Digital Focus: Photograph an Aquarium

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Feature: Photograph an Aquarium

My wife maintains a gorgeous 90-gallon saltwater aquarium in our living room. I admit it: My wife does all the work. In exchange, since I'm the family photographer, she expects me to photograph the fish so she can add them to her aquarium photo album and share them with friends.

Of course, you don't have to have your own aquarium to want to photograph underwater critters: There are plenty of sharks, jellies, angels, and crabs at the public aquarium begging for your attention as well. So this week, let's see what it takes to get good pictures of indoor aquatic life, whether they reside in a home or public aquarium.

Crank up the ISO

To take good interior shots of an aquarium, you will probably need to push the camera's ISO to its limits. While you ordinarily want to use your camera at its lowest ISO setting, using a setting of 400 or higher is a good idea in this situation because it helps you freeze the action. (When you don't freeze the action, you end up with a blur.) The ISO control makes the camera more sensitive to light and therefore enables you to use a faster shutter speed.

However, high ISO levels also add some digital noise to the picture--random bits of color that don't really belong. The tradeoff is definitely worth it when you're shooting in low-light conditions. Remember, though, to return your camera to its lowest ISO setting when you're done with the fish.

This probably goes without saying, but remember to turn off your camera's automatic flash. If the flash fires, the light will reflect off the aquarium's glass and obliterate the detail in your picture. With aquarium photography, flash is a definite no-no!

Time of Day

Is there a best time of day for aquarium photography? You bet. Any ambient light in the room is a problem, since it can interact with the glass of the tank and create unwanted reflections in your picture. So the best time to shoot is in the evening, before the tank lights go off. If you can, turn off the room lights so the only illumination is coming from inside the tank itself.

Catching Fish on Film

There are two kinds of shots you can typically take: whole-tank photos, which are portraits of the entire aquarium, and close-ups of specific fish.

In my experience, most fish lovers want to capture close-ups of their favorite critters. The best single piece of advice I can give anyone who wants to capture a fish on film--at home or at a public aquarium--is to mount your camera on a tripod. Despite the seemingly bright lights in a tank, it's actually pretty dark in there, a mere fraction of the brightness outdoors in daylight. Putting the camera on a tripod helps stabilize it and reduces the jitters that will come from using a slower shutter speed.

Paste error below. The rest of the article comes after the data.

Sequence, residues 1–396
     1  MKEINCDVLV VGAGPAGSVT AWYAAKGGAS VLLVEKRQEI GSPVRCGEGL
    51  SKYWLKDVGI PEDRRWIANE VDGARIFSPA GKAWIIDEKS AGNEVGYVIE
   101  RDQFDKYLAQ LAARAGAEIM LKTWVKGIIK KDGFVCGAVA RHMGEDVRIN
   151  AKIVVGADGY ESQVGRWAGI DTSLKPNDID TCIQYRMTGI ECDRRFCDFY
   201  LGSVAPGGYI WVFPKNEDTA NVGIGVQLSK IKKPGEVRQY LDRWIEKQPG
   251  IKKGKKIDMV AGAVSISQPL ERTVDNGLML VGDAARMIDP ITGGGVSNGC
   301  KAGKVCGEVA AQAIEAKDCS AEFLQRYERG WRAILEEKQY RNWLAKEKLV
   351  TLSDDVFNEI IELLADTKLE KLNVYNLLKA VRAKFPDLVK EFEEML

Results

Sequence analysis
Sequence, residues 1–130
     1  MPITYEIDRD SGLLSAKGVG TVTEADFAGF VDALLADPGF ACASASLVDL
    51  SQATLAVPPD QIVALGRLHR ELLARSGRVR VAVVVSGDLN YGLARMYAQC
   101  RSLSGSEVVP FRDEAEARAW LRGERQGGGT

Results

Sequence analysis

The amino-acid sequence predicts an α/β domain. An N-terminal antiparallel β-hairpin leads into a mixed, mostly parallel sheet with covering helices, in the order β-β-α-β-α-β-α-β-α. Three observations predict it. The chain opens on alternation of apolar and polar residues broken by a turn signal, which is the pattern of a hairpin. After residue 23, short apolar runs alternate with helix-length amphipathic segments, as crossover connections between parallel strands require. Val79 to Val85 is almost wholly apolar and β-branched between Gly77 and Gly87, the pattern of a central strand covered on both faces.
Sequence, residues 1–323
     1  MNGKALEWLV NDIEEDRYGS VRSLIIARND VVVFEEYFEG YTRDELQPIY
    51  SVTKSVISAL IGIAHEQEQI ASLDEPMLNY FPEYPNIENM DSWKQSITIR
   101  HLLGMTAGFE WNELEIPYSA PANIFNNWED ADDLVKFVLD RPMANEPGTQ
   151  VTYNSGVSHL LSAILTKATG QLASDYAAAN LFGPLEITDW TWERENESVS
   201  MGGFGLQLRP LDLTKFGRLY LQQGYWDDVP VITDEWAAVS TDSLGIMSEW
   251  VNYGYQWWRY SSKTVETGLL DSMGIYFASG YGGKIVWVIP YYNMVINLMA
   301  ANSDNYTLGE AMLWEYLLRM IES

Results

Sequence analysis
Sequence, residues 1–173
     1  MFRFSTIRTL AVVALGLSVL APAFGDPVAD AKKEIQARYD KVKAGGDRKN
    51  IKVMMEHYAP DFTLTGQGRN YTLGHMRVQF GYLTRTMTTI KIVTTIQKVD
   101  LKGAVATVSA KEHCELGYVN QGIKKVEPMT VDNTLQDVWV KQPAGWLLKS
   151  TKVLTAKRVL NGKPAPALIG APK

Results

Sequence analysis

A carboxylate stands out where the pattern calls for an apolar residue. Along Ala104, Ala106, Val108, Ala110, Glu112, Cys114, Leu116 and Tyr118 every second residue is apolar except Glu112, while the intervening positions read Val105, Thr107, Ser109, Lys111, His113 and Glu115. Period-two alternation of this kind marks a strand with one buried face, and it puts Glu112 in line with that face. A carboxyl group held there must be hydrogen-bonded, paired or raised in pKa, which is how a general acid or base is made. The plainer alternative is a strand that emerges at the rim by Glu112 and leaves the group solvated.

Don't clamp the tripod down, though. Leave the head of the tripod loose, so you can pan around the tank freely. When a fish swims by, pan the camera to track the fish and click the shutter release. With a little practice, you can get a sharp image of the fish with a motion-blurred background, like this shot of Krusty (our clown fish).

Set the camera and tripod up fairly close to the tank and turn on the camera's macro mode. Usually identified by a little picture of a tulip, macro mode allows your camera to focus on subjects that are very close to the lens, usually within a foot. Experiment to see how close you need to get to the glass for the camera's focusing system to lock onto the fish. You might have to get within a few inches of the glass, or set up as much as a foot away. At a public aquarium, where the tanks are bigger and the fish are likely to be further away, you can position the camera right at the glass without worry of being too close. And since you can't control the room lights at a public aquarium, getting that close helps eliminate reflections from the surface of the tank.

Try to frame your fish so that you're shooting slightly down toward it--the fish should be lower than the camera. This way, the overhead aquarium lights will reflect off the fish and toward the camera. That makes the best use of light and will give you the fastest shutter speed and best overall color.

Once you find the right zone to position your tripod, get comfortable and, with the camera set to a moderate zoom level, start tracking fish. As one passes in front of your camera or against a contrasting set of colors, gently press the shutter release--and continue moving the camera on the tripod to try to track the fish through the short exposure. Sometimes the fish will pause and allow you to take a shot in a relatively low-lit area that you wouldn't ordinarily be able to get. For instance, I got a nice shot of Krusty against an attractive contrast of colors.

To photograph the entire tank at once, use most of the preceding advice. Put the camera on a tripod, use a high ISO, and turn off the flash. Leave the room lights off, and frame the tank in the viewfinder. To avoid shaking the camera during the exposure, though, use the camera's self-timer mode. After you activate it, back away from the camera so you don't jostle it while the picture is taken.

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